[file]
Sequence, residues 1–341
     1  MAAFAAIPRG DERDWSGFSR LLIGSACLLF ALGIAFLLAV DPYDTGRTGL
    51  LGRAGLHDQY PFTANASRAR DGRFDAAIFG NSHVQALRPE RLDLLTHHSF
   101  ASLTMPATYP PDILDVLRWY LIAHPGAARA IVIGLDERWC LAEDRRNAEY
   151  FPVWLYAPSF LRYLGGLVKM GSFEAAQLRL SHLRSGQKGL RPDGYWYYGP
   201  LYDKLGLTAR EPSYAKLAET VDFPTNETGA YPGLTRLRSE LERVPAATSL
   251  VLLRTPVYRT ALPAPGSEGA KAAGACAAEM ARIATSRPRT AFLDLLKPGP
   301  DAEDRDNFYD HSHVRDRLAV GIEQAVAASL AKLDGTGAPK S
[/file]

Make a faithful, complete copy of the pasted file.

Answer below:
Sequence, residues 1–341
     1  MAAFAAIPRG DERDWSGFSR LLIGSACLLF ALGIAFLLAV DPYDTGRTGL
    51  LGRAGLHDQY PFTANASRAR DGRFDAAIFG NSHVQALRPE RLDLLTHHSF
   101  ASLTMPATYP PDILDVLRWY LIAHPGAARA IVIGLDERWC LAEDRRNAEY
   151  FPVWLYAPSF LRYLGGLVKM GSFEAAQLRL SHLRSGQKGL RPDGYWYYGP
   201  LYDKLGLTAR EPSYAKLAET VDFPTNETGA YPGLTRLRSE LERVPAATSL
   251  VLLRTPVYRT ALPAPGSEGA KAAGACAAEM ARIATSRPRT AFLDLLKPGP
   301  DAEDRDNFYD HSHVRDRLAV GIEQAVAASL AKLDGTGAPK S